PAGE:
A Retro Moment


I saw this DIY project on Pinterest the other day.  What a flood of memories it brought back!camping air cooler  The idea is simple — as all good ideas are.  Take a plastic tub with lid.  Cut a hole for air to enter and for air to leave.  Attach a fan and a plumbing elbow.  Put some ice, or even just some water into the tub, and voila, you have a camping cooler for your tent.  Simple.  It will aid a little in keeping your comfortable during the dog days… but more important it’s a reminder of the old days.

Which Old Day?

These old days….

Thermador_Car_Cooler air_cooler

I actually had one of these … back in the day… We had a 1966 VW Beetle and the auto supply store in Chicago called Warshawsky & Co. on Archer Avenue was just down the street from us.  That was back in the days before they changed their name to J.C. Whitney — a name change that came about because it was better in those days to have a more generic name, not so ethnic.  Anyway, there were no air conditioners in cars in our day.  And even if there were such a thing, the little 50-ish horsepower motor in a 1968 VW wouldn’t have had the power to drive one.  Heck, I remember downshifting going up Interstate 80 in Pennsylvania in the summer of ’67.  For that matter we made an entire trip from Chicago to New Jersey and back with a non-functioning starter!  We push-started the car every time we had to turn off the engine!

But I digress from my story….

These little gadgets slipped into an opened car window.  There was an arm that rested against the window to hold the air cooler in place, and a clip that slipped over the glass.  Once in place the passenger didn’t have much of a view, but they did get a heedful of wind blown onto them as air entered the tubular vortex, blew across some water in the tube and came out the other side ever so slightly cooled.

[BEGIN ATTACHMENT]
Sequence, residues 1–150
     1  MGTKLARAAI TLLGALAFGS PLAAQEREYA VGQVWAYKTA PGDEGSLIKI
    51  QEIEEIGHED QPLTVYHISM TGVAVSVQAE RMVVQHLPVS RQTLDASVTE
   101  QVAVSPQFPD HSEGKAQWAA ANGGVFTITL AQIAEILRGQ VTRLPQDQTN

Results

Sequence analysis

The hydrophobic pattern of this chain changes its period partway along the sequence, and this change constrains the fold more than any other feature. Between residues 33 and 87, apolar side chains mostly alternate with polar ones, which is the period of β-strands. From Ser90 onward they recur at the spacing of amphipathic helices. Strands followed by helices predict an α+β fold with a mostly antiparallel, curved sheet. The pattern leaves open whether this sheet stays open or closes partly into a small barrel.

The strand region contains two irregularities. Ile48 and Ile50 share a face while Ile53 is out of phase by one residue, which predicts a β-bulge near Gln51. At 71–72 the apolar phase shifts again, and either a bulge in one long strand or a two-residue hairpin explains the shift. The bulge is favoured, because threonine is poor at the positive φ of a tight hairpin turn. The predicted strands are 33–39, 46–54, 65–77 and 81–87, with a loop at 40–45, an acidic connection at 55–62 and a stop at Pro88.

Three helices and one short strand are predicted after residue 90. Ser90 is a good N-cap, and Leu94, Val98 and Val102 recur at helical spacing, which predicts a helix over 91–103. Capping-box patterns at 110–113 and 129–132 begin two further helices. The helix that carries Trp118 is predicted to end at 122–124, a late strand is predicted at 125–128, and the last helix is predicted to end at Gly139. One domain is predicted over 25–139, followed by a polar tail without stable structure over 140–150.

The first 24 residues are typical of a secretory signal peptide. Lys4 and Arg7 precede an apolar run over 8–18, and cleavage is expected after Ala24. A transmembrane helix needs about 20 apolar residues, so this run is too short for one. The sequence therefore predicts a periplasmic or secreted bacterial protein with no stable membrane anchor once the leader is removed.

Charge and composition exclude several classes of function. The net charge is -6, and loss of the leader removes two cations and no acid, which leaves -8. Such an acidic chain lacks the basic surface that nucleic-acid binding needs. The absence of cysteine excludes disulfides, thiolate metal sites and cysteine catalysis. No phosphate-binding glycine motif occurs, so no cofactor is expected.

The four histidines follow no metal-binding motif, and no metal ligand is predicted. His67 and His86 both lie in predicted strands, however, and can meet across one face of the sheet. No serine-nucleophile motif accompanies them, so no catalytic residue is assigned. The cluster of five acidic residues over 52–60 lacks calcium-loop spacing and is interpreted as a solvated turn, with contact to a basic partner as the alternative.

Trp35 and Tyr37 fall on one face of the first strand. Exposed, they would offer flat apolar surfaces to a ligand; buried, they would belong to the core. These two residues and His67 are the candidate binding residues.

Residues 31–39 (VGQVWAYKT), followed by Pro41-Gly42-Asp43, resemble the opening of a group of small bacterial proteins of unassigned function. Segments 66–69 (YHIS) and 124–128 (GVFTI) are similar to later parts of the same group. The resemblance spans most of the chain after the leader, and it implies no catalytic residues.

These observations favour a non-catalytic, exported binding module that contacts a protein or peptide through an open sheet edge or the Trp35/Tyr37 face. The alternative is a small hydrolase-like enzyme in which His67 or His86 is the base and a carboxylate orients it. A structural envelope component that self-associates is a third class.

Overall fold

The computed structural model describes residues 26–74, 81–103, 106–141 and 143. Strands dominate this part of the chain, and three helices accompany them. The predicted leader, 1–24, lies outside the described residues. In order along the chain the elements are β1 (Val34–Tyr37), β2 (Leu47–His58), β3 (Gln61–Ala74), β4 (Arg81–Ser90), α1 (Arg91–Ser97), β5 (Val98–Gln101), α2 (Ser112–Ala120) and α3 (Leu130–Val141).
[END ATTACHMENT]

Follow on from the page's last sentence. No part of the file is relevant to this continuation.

I’m sure you’ve seen these alongside the road on Southern rooftops.
I’m sure you’ve seen these alongside the road on Southern rooftops.

They didn’t last long.  Eventually air conditioning — the real kind — overtook the water cooler. But you still see water coolers mounted on housetops in the south.  It’s a more economical way (or at least it used to be) of making your Southern house a little more livable in the midst of the heat.  Of course it also made it more humid — the value of which always eluded me.  But times were what times were and there was a time when any respite from the sweltering heat was welcome.

So much for fond memories of days gone by.  I hadn’t thought of those window coolers in a long while and for that matter I had almost forgotten the name Warshawsky!  But hey, those were fun days.  We lived in Chicago for two years while I did my alternate service and our apartment was literally the cheapest place we could find as I was working (in 1968) for $1.98 an hour at one of the biggest hospitals in the Windy City.  My, how times have changed.

Y’all have a great day and stop by again tomorrow.  Who knows what I might be talking about then!

 

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7 Comments

  1. WOW…you have just reminded me that I have been relegated to being a geezer!

    I love the bucket cooler idea…something new to me.

    I had a ’67 VW but never had anything like a fancy cooler on it. It was one of my favorite cars because you could push start it anywhere and if your gas filter clogged you could just poke a hole in it and it would get you to the nearest auto store to get a replacement.